Pandamonium Review
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Players: 2-5
Playing Time: About 20-30 minutes


Pandamonium is billed as a “musical mimicking card game,” to be played by two to five players. Before play can begin, players must take some time to become familiar with the cards—and the actions that go with them. There are 66 panda orchestra cards, printed with 11 different actions. Each card shows a panda doing something in the orchestra—like playing drums, cymbals, or trombone. It even includes male and female opera pandas and a conductor. Each card is then associated with a particular action—such as clap once for cymbals, stand up for the male opera singer, and put your hands on your shoulders for the plucked bass. There are also three cards that are similar in appearance to the other action cards that have no actions associated with them.

  
 
The object of the game, after the players learn the actions and practice them a little, is to get rid of all of your cards by correctly matching actions to the cards played. The entire deck is dealt evenly to all the players and stacked face down on the table. The game starts with the youngest player flipping the top card from her pile onto a center discard pile. When the panda is revealed, all the players must immediately and simultaneously perform the action related to the card. If no one performs incorrectly (a Bad Note) then the play continues clockwise. When a player does perform a Bad Note, then she must take all the cards in the discard pile and add them to her pile.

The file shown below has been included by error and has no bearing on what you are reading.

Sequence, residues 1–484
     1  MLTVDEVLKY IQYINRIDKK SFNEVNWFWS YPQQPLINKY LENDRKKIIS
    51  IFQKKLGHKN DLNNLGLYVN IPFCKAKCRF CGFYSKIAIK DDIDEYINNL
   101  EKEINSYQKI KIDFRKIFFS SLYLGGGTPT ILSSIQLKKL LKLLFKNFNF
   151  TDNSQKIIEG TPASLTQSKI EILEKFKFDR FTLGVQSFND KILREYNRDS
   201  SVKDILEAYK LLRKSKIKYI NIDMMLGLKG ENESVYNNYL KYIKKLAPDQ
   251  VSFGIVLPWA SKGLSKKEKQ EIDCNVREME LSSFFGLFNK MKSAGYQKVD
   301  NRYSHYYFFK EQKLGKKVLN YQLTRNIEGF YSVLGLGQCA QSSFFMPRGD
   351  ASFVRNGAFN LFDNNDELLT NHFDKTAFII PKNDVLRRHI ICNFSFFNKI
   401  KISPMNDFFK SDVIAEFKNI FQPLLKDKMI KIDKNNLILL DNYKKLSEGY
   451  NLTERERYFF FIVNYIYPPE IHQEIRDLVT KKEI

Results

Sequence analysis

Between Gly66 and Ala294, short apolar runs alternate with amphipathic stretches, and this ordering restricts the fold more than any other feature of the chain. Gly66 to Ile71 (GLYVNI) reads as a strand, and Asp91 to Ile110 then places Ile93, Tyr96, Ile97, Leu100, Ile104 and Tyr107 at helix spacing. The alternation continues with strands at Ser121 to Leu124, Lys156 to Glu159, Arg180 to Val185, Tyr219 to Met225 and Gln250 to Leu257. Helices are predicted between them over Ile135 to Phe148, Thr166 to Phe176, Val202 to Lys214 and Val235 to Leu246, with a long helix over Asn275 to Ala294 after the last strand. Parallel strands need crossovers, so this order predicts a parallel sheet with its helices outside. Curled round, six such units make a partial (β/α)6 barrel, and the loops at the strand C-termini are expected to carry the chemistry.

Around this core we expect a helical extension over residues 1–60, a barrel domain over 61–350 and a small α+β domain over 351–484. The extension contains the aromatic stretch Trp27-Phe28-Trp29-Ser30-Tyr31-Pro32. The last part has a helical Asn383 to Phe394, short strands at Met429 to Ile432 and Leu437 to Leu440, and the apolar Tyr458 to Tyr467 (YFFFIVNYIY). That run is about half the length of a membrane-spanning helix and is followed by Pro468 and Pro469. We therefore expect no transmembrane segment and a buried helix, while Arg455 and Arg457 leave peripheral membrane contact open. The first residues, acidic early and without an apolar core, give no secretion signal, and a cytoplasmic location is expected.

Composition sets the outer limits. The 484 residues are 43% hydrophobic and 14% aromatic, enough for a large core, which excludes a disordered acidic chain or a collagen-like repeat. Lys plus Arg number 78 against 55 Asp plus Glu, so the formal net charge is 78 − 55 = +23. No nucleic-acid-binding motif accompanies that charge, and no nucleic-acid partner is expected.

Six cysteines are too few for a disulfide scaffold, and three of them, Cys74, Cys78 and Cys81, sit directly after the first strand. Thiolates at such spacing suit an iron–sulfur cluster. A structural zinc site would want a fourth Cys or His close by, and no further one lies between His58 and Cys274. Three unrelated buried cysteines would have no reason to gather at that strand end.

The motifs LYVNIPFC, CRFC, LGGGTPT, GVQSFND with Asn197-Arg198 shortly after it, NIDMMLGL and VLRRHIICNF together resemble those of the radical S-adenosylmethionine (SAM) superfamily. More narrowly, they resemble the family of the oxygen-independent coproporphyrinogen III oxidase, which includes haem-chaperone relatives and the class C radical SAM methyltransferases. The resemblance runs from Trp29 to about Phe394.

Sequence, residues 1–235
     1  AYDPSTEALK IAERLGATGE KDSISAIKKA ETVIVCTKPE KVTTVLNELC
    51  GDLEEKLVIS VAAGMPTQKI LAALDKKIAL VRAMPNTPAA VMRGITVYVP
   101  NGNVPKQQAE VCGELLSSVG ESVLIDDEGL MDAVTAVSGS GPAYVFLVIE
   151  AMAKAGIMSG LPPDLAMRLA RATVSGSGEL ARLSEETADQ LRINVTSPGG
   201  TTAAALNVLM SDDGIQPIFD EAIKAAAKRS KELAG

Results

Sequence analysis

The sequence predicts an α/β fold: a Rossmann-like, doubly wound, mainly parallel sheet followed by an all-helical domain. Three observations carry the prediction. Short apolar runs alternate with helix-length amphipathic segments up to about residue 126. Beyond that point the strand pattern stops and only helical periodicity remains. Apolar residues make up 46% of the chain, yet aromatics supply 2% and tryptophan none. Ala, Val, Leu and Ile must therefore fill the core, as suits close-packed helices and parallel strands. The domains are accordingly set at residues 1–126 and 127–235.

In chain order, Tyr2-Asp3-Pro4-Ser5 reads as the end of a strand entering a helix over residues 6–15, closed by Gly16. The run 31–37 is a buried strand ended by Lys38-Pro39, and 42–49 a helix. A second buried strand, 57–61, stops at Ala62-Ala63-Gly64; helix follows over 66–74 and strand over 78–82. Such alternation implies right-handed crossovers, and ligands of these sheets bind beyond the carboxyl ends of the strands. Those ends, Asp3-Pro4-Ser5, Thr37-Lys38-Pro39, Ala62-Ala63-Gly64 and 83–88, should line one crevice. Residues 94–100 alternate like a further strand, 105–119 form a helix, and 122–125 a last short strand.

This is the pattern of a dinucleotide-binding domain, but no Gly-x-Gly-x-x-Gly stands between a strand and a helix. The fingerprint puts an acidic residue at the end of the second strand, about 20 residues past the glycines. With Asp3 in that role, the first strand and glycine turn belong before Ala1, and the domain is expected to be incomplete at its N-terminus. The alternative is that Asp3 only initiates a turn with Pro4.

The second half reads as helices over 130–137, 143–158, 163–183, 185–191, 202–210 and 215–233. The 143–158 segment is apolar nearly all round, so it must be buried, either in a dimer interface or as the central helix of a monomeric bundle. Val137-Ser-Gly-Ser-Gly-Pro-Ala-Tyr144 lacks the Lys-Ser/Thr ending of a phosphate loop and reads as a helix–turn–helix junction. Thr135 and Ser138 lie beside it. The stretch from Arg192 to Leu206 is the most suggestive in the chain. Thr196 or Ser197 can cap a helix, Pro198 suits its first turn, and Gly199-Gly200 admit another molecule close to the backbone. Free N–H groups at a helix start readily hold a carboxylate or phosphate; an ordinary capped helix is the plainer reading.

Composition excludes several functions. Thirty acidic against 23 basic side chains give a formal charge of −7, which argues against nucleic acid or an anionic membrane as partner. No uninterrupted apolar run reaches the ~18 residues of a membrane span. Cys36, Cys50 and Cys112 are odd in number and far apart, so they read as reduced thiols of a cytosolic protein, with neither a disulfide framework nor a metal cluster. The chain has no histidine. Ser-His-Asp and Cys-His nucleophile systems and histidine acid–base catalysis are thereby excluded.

Before I opened the box, this game seemed like a great idea—musical mimicking. I was disappointed to find that the only sounds we made were the clap for the cymbals card and slapping hands on the table for the drums card. I think this makes it even a little slower for the children to learn the cards. It would have been much more entertaining if the action for female opera singer were to hit a high note instead of covering your ears—and if you actually had to vocalize the sounds of the instruments instead of making sometimes seemingly unrelated actions. This is actually suggested in the instructions for other ways to play, but it seems to me that it should be a basic rule. Also, the rules for Bad Notes are very subjective, and even when they’re agreed upon by the players in advance, it’s difficult to determine exactly when/how one is Bad—and it can lead to fighting and hurt feelings. Even though it’s just a card game that we can fairly easily make more fun with our own rules of play, I think this one needs a little more work. It may be educational, but it just isn’t as fun as I thought it would be.

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